In practice, this usually includes 1) good governance measures that incumbents don’t like (e.g. redistricting) and 2) civil rights measures that special interests or religious conservatives don’t like (e.g. drug reform, prison reform, gay marriage)
Why I vote “no” on (almost) all California ballot propositions, even if I agree with them
Michael Levinson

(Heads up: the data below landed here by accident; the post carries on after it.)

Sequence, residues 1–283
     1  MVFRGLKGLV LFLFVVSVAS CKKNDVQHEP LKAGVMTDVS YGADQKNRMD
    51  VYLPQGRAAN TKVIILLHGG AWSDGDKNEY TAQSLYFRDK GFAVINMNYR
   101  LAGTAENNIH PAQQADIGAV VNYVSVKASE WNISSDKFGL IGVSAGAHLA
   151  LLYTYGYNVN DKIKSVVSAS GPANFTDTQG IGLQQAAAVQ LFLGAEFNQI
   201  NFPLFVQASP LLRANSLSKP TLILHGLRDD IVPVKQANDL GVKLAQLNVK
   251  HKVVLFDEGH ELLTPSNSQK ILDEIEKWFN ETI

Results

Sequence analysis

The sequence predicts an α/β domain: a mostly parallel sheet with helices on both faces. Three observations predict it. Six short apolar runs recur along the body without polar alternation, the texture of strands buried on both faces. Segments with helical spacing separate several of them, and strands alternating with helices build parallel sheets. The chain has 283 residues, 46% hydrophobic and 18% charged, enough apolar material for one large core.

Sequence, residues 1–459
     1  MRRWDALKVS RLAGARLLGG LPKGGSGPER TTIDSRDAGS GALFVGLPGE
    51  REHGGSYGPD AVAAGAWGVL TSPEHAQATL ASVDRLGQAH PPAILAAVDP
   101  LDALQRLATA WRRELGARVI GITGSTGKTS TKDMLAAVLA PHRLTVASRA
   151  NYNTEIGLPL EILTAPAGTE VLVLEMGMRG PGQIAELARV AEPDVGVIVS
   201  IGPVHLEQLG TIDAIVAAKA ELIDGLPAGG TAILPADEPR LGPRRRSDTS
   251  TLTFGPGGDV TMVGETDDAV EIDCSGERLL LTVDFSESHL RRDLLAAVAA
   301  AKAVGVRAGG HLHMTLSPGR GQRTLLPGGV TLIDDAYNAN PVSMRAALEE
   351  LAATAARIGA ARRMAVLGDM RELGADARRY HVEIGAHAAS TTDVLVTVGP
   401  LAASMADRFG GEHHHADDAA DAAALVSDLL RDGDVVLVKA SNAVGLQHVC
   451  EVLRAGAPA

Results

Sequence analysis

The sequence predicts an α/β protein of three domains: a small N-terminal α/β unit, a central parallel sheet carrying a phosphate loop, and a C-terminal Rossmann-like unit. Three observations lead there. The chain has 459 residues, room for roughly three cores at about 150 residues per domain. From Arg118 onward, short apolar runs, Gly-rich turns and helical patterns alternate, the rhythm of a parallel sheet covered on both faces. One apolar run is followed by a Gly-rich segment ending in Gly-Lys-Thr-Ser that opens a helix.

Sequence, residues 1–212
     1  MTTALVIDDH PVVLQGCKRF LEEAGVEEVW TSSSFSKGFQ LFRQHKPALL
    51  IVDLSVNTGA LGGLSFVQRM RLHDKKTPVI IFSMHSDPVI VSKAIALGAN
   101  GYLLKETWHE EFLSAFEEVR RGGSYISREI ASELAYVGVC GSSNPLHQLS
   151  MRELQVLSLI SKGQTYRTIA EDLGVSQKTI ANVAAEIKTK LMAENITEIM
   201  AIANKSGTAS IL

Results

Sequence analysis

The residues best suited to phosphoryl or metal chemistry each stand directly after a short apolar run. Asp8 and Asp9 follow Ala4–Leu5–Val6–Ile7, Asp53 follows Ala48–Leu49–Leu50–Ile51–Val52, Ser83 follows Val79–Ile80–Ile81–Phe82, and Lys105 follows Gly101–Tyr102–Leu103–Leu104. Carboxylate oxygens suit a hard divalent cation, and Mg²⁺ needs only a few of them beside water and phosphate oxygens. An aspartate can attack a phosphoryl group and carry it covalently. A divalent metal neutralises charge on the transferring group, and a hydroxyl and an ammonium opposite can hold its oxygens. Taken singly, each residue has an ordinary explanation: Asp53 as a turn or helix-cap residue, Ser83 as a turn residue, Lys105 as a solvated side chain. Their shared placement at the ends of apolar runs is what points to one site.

This is a good way around some of the principal-agent problems that representative governance creates, especially when it comes to agents’ incentives (e.g. politicians’ remuneration, measures to affect political competitiveness). This also leads to an important test in externalities within society (e.g. would a minority or vulnerable group be negatively affected by this passing/not passing?)